How the Quest to Cure Urban Rage-Blackout is Taking Me (Way) North of Bloor
Apartment Balcony. Toronto
July 24, 2015
It’s been at least three years since I’ve actually walked in a real forest and seen real stars. That thought occurred to me when I had my most recent episode of URB, shorthand for Urban Rage Blackout.
Rage-blackout is the tender name I’ve given to anger-induced monologues that are usually spoken at someone or something. My friends have (mostly) come to enjoy them. I think a little rage handled with humour is healthy. Sometimes, I rage mop (when verbal monologues do not blow off sufficient steam and only the vigor of deep cleaning will aid). Patriarchy—also shorthand for everything I think sucks in the world and that I usually blame for my rage-blackouts—gets my floors super clean.
An URB is when I feel the squeeze of a city on my soul. When I notice too deeply the colour grey and how it seems to line everything. Urban rage-blackouts can sometimes be spotted in advance. For example, I know I need to get to quiet and nature (or at the very least to my apartment balcony) if I’m rude to the people at the post office for no good reason. Lack of patience in civic settings is an early warning sign that I need to look at more trees and less screens (which are also grey).
But here’s the thing: despite knowing the warning signs, despite being super-positive about all the nature out there, this blackout totally took me by surprise.
I’m not a total stranger to nature. My summers as a kid were spent fighting off mosquitos at socialist summer camp in Muskoka and at my family’s cottage near Bala. I’d sometimes go canoeing with my dad early in the morning and, if we were lucky, we could spot a loon and once…baby loons! That was the most Canadian experience I have ever had. Well that, and having my first ever concert experience being The Barenaked Ladies. Even dashing around Lake Muskoka on a motorboat that actually had a Canadian flag on it (see photo below) I was still not convinced that this whole Ontario thing was for me (again, see photo). Who wears ruffles on a lake? I do, apparently.
Since those summers, my Ontario has been about cities. I’m still shocked after a near dozen years of being based in Montreal that my hometown of Toronto drew me back, and more than that, it delights me. Shhh…don’t tell my Montreal comrades…but I love it here. And to be clear, I love cities.
Nature hasn’t piqued my interest since being back in Toronto these past five plus years. It’s not been on my mind. I’ve been okay to be deficient of it. Stages and microphones, bars and my little apartment, my community and the creative force of this city have nurtured me enough…but what about the wilderness and what about real quiet? I’ve been too busy for quiet. As my friend Steve loves to point out, Torontonians love to tell you how busy we are. It’s unattractive. And, it’s true.
We’re so busy connecting, networking, creating, start-uping, dating, socializing, traveling, talking…so much talking…! And to be clear, I love to talk.
And then, one winter day, I was talking on the phone to my friend Nika (the Director of this series), and all of a sudden, I went off on how I feel I might lose my mind unless I hit the wilderness soon. To be fair, I was more talking at her…rambling more than a bit as I neared what I knew as a complete urban rage-blackout. No more concrete, no more cars, no more constant refrigerator hum, I mean why is it always humming?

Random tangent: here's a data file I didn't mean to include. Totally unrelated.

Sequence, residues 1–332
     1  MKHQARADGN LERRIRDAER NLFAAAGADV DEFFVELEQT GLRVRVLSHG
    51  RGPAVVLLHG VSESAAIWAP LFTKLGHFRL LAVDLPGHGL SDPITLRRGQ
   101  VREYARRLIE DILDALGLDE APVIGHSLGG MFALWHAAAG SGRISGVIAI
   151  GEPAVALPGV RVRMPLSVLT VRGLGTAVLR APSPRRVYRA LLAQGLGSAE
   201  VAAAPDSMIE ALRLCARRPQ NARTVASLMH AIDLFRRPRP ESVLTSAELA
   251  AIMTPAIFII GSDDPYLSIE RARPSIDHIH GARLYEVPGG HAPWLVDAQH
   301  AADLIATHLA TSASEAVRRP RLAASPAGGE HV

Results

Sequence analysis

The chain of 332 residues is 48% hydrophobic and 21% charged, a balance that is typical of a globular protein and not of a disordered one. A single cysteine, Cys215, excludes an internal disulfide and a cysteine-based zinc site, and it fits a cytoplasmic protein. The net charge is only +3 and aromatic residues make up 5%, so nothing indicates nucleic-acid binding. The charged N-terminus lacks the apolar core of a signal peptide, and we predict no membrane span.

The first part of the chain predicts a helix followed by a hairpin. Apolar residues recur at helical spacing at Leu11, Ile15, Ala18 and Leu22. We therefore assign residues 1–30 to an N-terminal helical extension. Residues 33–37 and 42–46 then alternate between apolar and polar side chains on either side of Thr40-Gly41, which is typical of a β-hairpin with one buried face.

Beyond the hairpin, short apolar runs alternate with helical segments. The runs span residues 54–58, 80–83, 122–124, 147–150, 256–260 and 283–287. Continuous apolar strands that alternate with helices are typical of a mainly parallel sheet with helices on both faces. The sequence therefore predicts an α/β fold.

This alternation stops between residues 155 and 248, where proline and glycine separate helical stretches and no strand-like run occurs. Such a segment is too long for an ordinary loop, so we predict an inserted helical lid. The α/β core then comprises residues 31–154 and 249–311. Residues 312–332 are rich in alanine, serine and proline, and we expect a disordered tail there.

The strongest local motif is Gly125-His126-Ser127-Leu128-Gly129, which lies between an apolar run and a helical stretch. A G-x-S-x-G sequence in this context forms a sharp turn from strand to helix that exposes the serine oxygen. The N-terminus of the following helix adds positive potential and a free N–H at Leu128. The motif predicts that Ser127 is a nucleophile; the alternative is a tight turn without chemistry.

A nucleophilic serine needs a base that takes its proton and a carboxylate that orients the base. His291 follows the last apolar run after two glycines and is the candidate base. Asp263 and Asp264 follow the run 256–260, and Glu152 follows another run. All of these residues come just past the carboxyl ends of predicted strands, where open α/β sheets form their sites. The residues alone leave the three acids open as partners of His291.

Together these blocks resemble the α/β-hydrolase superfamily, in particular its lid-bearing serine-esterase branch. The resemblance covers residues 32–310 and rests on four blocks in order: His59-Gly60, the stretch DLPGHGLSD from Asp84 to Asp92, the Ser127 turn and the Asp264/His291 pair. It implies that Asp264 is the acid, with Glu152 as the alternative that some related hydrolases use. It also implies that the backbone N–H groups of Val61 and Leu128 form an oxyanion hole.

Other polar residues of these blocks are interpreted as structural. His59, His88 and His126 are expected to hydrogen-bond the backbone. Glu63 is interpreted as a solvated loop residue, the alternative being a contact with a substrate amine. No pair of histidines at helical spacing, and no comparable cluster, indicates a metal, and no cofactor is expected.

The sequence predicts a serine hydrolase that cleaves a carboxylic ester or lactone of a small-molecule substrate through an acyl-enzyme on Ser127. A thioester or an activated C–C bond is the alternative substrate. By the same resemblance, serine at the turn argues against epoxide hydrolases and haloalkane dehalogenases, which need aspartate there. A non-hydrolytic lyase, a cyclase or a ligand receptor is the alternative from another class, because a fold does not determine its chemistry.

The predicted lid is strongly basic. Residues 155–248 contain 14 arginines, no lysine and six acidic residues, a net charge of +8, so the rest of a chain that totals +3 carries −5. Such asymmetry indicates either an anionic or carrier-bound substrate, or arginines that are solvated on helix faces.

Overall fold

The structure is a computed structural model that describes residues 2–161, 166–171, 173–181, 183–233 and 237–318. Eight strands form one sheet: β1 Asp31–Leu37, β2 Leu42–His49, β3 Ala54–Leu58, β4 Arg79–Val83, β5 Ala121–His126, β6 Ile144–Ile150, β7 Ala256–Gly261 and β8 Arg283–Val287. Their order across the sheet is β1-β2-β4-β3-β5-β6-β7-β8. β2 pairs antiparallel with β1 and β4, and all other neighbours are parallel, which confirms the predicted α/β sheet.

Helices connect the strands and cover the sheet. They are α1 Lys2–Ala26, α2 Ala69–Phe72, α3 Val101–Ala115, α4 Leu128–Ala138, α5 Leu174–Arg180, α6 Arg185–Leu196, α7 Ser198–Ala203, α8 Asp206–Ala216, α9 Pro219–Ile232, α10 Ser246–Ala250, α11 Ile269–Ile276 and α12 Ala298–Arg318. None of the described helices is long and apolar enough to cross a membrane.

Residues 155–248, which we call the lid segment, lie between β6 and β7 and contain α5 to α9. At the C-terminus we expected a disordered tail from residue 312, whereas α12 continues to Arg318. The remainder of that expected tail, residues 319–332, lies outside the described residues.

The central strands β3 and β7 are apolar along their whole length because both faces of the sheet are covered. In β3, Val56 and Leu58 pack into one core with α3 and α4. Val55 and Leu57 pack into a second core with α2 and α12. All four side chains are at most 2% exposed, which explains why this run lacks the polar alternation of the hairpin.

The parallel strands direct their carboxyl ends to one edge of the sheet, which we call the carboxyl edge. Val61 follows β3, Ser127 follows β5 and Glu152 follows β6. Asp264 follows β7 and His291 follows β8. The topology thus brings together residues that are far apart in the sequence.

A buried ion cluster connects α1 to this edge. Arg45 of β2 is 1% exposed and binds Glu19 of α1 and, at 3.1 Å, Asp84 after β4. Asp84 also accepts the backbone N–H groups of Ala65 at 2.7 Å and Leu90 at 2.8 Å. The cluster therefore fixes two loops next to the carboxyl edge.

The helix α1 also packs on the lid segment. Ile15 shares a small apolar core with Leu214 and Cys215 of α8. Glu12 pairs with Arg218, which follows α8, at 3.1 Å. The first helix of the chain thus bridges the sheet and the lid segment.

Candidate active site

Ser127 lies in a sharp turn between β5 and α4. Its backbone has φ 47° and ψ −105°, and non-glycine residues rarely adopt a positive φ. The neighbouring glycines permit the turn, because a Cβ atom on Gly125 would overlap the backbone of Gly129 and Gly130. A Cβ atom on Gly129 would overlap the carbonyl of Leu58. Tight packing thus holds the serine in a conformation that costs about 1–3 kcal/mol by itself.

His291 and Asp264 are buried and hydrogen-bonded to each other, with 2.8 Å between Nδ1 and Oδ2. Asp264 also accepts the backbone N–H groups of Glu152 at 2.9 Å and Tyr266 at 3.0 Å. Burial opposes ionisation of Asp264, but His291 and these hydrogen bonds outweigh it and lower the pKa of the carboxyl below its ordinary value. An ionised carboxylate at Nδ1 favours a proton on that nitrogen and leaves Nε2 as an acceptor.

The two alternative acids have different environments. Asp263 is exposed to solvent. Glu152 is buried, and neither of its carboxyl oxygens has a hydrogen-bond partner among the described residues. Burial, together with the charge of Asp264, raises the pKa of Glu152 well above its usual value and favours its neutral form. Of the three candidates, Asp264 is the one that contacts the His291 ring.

Nika steered me away from someplace quite ugly. We got into a conversation about access to wilderness. We talked about what it means to live in Canada but have little-to-no desire, information, or interest to explore the endless terrain above our cities.
She said: “I have an idea. A video project. You, me, the North.” She sent me links. I clicked. I clicked some more. Was this what I was looking for? To find something worth travelling north of Bloor?
As soon as I saw that Manitoulin Island was home to pink rock faces I was in. Finally, a decorated nature façade pretty enough to lure me True North.
I’d like to fancy myself much more adventurous than I actually am. I told Nika’s crew that I was ready for a serious survival trip. I wanted a shocking cold plunge into wilderness. I was ready to learn to hunt, build a remarkably impressive fire with wet wood, fight off bears with my sphere-like fists, and forage for plant edibles with the help of a weathered guidebook I’d keep in my back pocket. I’ve watched enough Herzog films to feel like I could handle anything. Plus, I did used to date a serious wilderness man who taught me how to tan a deer hide, so if we needed leather on our journey, I could provide us with that (assuming a deer was available).
While the crew seemed happy that I was up for anything, they’ve decided to ease me in and kindly prevent me from getting killed. More than that, they reminded me there’s much more to True North (in our case, True Northeast) than just wide-open, unabashed wilderness. There are incredible communities, people, history, culture, and yes, there is also landscape and wilderness.
This is it, I thought. A quest. And a test. Am I really looking for wilderness? Or am I just looking for a way out of this city? Why now? Why North?
So I’m ready to start my adventures by going to Manitoulin Island. I’m ready for sounds of sticks breaking under my feet and the smell of the lake on my skin after an early morning swim. Romanticized notions of what this trip will be? Perhaps. But I’m ready, ruffles and all, to explore a part of this province that is a lot further north than Bloor Street.